This year’s corn dolly, (a basic five straw Nek made from wheat and barley); bottling of the braggot made a few weeks ago; and the working of a rite that has been repeated over the course of several nights, which I have marked by sacrificing another of the Mandrakes I have grown – a young Mandragora officinarum root which went dormant just before the onset of the ritual work. Each night I have taken a piece of the fresh root and carved from it a bead to mark the progression of the ritual. The largest of the beads is about two centimetres in diameter and they vary downward depending on the size of the piece of root I’m working with. I am carving as large a bead as is possible with each piece, and drilling all of them with an eighth inch hole for stringing them later. I prefer to do the rough shaping while the root is fresh. As they dry they will shrink and harden into something much more like wood, and I will sand them into their final shape and surface texture. The parings and drillings I have carefully collected and will dry to be infused into flying ointment, along with those parts of the root which were too small for carving.


I have obtained two pieces of apple wood for carving, pieces from ground level where the graft of the fruiting variety onto a hardier rootstock have developed into fantastic burl-like growths. One of these I will work into an altarpiece linking the Abysmal with the Chthonic; the liminal point between root and trunk as the nexus supporting the Other.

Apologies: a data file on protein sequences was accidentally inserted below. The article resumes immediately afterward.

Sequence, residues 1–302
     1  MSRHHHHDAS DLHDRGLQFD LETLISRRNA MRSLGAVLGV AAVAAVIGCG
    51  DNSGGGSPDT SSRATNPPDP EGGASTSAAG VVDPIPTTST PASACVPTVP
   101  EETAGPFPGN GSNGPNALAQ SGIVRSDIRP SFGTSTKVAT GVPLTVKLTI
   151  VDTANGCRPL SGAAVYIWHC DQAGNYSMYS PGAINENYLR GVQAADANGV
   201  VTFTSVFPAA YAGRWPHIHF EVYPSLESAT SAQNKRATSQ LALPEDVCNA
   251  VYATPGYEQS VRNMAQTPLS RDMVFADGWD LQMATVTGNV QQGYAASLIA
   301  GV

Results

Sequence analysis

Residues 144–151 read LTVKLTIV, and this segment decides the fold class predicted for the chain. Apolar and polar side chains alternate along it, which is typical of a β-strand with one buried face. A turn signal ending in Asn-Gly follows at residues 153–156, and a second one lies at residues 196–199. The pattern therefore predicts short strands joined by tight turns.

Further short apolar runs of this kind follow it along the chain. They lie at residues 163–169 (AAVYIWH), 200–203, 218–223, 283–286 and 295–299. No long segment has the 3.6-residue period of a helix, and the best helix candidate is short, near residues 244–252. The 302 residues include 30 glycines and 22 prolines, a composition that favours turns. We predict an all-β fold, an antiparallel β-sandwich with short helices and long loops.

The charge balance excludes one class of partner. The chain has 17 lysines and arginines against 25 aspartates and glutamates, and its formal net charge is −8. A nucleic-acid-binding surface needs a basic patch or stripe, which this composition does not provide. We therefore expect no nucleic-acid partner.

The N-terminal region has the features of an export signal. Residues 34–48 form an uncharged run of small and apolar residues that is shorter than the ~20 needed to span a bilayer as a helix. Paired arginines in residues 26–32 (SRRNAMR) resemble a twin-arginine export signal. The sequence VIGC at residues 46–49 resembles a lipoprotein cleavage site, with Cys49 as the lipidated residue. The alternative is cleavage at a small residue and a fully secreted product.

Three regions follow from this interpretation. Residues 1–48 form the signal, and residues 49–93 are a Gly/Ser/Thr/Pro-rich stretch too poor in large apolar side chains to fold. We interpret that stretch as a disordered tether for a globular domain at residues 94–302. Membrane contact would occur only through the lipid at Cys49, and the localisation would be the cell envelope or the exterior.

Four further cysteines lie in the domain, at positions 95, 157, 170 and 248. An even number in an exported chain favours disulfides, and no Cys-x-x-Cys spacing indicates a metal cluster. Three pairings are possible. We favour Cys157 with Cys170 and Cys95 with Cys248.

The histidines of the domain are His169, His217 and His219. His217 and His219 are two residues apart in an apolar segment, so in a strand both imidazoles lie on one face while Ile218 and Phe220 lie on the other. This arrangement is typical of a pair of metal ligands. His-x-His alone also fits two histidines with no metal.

Apple is highly charged symbolically, with concepts of Soul and Other, knowledge and transgression, Ophidian wisdom, and the unsanctioned bringing of techniques and skills of magick from the heavenly to the earthly realm.

Lugh’s Fair Day

Posted in Folklore, History with tags , , on August 1, 2015 by manxwytch

A bannock recipe for Laa Luanys:

1 cup flour (I use half whole wheat and half unbleached white all purpose)
1 tsp baking powder
1/4 tsp salt
1 Tbsp butter
2 Tbsp honey
A handful of dried currants
Whole milk, sufficient to make a moderately stiff dough

The way I was taught to make this seasonal bannock, the traditional ingredients had to include whole grain flour, honey, salt and milk. The measurements were not specified. The above is what I’ve worked out over the years.
All the dry ingredients were mixed, the butter was cut into the dry, and then the milk added. The dough was baked in a buttered cast iron pan with a lid over a slow fire. Poke with a skewer to make sure the centre is cooked through, and the outside is brown and crispy. Allow to cool, well out of reach of hungry dogs.